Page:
Lee Trevino, the golfer with the reputation for not giving up a lead, suffered three back-nine bogeys Sunday to shoot himself from Kemper Open leader to a tie for fourth place.
"How long does it take to get to National Airport?" asked Trevino, adding up his worst score in four rounds at Congessional, a two-over-par 72.
Fifteen minutes after missing his umpteenth makeable putt, Trevino had travel clothes over his shoulder and a cup of beer in his hand as he headed for a courtesy car that was to whisk him to an airplane bound for Montreal.
"Can we have your autograph?" said many in the throng greeting Trevino as he emerged from the clubhouse. "I've only got two hands," was the terse reply."
"I just putted poorly," Trevino said later. "It gets demoralizing when the putts don't drop. "I just didn't do any good."
Clearly, Congressional's greens perplexed Trevino. After shooting 69 in the opening round Thursday, he switched putters for Friday's round of 70. For the final two days he was back with his original putter, but with a new shaft and a different grip.
Trevino started yesterday one stroke behind eventual winner John Mahaffey.
He missed a 10-foot putt at the third hole for bogey and fell two behind Mahaffey.
"Okay Lee, let's press them," urged a spectator as the PGA Tour's second-leading money-winner strode down the sixth fairway.
Trevino obliged with pars on the sixth and seventh holes, then hit his approach shot within three feet of the cup on the par-4 eighth hole. He sank the putt and, when Mahaffey missed the green with his second shot and made bogey, Trevino was tied for the lead.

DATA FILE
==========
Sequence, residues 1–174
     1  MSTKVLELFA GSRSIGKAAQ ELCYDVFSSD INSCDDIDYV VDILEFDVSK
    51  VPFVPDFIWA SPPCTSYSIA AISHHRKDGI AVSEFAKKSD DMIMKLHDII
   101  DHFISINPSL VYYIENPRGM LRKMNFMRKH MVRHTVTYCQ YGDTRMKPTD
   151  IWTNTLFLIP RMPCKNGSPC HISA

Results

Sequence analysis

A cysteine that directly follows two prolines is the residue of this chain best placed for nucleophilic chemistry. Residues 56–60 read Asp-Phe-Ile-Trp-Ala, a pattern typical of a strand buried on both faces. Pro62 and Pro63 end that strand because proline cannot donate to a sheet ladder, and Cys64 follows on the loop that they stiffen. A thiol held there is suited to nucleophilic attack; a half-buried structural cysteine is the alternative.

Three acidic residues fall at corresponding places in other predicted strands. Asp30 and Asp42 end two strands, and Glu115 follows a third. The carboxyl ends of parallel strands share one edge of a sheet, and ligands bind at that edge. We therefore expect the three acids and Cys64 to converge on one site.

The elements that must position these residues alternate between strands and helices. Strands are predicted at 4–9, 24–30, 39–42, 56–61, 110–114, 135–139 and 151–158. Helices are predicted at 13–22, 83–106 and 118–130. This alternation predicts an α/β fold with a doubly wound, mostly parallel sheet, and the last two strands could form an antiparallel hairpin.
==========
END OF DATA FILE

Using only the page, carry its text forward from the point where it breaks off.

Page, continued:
Trevino birdied the par-5 ninth by canning a 25-foot putt and took a one-shot advantage.
However, failing to master the sloping 12th green yeasterday was the beginning of the end for Trevino. Holding a one-shot lead over Mahaffey, he tried to hit one of his patented fades onto the par-3 green. But it did not fade. "Gluck," Trevino exclaimed, as the ball came to rest on the green, 50 feet left of the flagstick.
As soon as he struck the lag putt, everyone in the vicinity knew the ball was hit too firmly. "I had the line," quipped Trevino, as the ball zoomed past the hole and almost off the green. He missed the 12-foot putt coming back and took bogey. When Mahaffey rolled in his 16-foot birdie putt, he had made up two strokes on Trevino and owned a one-shot lead.
On the par-4 following hole, Trevino was in the rough next to the green in two shots and was left with what Mahaffey said later was "an impossible chip." tTrevino chipped the ball 12 feet from the hole but missed the putt to fall two behind Mahaffey and never threatened again.
"Lee knows when we play against each other, I'm not going to give up, and I know he's not going to give up," Mahaffey said. "We have a mutual admiration, no, a mutual respect for each other. His three putt at 12 really hurt him. I think those two straight bogeys kind of took a little bit out of him. This course does that to you."